Naz Ali, the chef and owner at Caribbean Flavas in Fredericton, has temporarily lost his palate.

Ali is a practising Muslim who observes Ramadan, so he can't eat or drink from dawn until dusk during the holy month, which is presenting problems for his business.

Although Caribbean Flavas has been up and running for nine years, Ali still tests every dish before it's carried away to a customer.

Now, he needs to rely on other senses to make sure his food is cooked the way he wants it.

"I kind of have to listen for that and listen to how it should sound when it's done. How it should smell, how it should look," he said.

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Naz Ali, the chef and owner at Caribbean Flavas in Fredericton, has temporarily lost his palate while observing Ramadan. (CBC)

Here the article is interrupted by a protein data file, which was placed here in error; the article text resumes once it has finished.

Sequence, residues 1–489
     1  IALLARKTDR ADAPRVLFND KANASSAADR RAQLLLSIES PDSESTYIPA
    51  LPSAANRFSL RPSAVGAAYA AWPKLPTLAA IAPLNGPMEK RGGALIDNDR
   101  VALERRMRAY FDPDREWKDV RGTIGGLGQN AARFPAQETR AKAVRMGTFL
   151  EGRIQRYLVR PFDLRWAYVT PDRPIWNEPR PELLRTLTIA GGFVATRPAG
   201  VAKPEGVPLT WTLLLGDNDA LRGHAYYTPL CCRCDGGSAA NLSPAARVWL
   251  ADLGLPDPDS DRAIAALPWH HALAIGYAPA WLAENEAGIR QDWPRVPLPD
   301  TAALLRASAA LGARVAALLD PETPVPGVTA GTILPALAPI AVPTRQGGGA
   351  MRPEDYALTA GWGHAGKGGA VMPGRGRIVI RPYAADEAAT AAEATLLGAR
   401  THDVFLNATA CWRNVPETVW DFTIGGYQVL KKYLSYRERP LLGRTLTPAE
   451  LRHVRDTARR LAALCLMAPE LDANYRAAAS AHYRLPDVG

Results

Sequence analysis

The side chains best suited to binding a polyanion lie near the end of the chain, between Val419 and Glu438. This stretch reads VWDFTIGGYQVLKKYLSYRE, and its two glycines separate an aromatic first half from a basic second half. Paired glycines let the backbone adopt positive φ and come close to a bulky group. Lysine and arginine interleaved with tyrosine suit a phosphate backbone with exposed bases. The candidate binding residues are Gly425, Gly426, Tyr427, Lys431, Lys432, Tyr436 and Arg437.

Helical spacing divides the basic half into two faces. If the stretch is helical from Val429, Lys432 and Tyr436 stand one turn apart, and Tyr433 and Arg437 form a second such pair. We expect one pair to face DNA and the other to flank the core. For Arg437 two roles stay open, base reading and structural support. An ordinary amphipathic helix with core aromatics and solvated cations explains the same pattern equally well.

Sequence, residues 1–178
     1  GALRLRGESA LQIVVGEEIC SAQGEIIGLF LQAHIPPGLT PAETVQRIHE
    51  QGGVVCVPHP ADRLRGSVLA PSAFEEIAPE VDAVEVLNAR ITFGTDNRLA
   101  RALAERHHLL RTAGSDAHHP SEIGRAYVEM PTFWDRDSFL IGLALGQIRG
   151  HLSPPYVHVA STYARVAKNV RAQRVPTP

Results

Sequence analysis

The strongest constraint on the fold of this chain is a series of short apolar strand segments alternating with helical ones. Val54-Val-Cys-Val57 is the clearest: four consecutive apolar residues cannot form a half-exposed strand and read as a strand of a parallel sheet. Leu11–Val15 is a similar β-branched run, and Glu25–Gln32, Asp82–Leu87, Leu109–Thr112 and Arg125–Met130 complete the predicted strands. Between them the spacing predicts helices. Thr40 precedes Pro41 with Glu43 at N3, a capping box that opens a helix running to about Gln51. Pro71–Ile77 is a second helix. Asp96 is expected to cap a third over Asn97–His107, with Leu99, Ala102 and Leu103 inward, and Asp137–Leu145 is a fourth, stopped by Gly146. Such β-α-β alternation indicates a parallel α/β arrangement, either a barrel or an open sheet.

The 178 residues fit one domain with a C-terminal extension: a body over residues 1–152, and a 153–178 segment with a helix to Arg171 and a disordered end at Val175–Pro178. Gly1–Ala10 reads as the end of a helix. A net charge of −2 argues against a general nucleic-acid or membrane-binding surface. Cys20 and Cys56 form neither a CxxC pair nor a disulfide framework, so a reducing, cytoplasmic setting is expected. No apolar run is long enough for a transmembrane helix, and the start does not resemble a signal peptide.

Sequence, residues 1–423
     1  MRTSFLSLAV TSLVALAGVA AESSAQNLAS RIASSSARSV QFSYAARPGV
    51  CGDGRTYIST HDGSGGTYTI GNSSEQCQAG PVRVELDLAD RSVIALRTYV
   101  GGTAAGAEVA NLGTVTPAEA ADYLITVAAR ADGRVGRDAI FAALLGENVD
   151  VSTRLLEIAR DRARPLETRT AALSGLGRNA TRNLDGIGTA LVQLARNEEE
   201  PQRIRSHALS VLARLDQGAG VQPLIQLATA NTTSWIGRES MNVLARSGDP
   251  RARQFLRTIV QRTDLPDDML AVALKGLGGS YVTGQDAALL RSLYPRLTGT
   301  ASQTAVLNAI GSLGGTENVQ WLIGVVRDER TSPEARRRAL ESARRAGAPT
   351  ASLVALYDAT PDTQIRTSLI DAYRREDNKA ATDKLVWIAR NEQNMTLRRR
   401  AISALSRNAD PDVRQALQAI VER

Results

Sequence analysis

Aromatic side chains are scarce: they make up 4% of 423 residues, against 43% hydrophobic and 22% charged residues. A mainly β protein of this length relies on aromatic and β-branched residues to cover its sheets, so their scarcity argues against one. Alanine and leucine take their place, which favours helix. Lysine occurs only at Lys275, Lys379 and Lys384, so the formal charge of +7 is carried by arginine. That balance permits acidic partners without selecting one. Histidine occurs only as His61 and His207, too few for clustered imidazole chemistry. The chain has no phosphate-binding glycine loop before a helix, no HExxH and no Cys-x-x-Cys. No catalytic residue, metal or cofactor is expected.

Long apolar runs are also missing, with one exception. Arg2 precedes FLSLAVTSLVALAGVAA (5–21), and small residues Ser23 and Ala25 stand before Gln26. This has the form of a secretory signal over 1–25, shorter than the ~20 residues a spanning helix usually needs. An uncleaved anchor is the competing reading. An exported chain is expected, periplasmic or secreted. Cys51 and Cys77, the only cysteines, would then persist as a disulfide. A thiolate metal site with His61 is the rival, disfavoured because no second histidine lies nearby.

Ali, who is originally from Trinidad and Tobago, says many of his relatives return there during Ramadan because the days are shorter.

In Canada, Ramadan means hours without food, water, or any vice at all.

"We actually start from 3:15 a.m., somewhere around there, to about 9:15 p.m.," he said.

Ali says he wouldn't trade it, though. The virtues he learns during Ramadan help him not only in faith, but his everyday life, he said.

"It builds that patience, it builds the endurance. It builds everything. It makes me a stronger believer in religion, in myself."

Ramadan continues until Aug. 8.

Ali is no stranger to struggle. When he came up with a plan for what he calls an "ethnic restaurant" in Fredericton, many people told him he would fail.

He was in university when he drew up a business plan for what would become Caribbean Flavas. The plan merited a low grade and Ali lost his scholarship.

"Didn't get any funding, didn't get any help from some of the entrepreneurial companies," said Ali.

"My parents came and friends and family, with my parents, backed it financially."

Nine years after Caribbean Flavas opened its doors, the fusion food is still popular.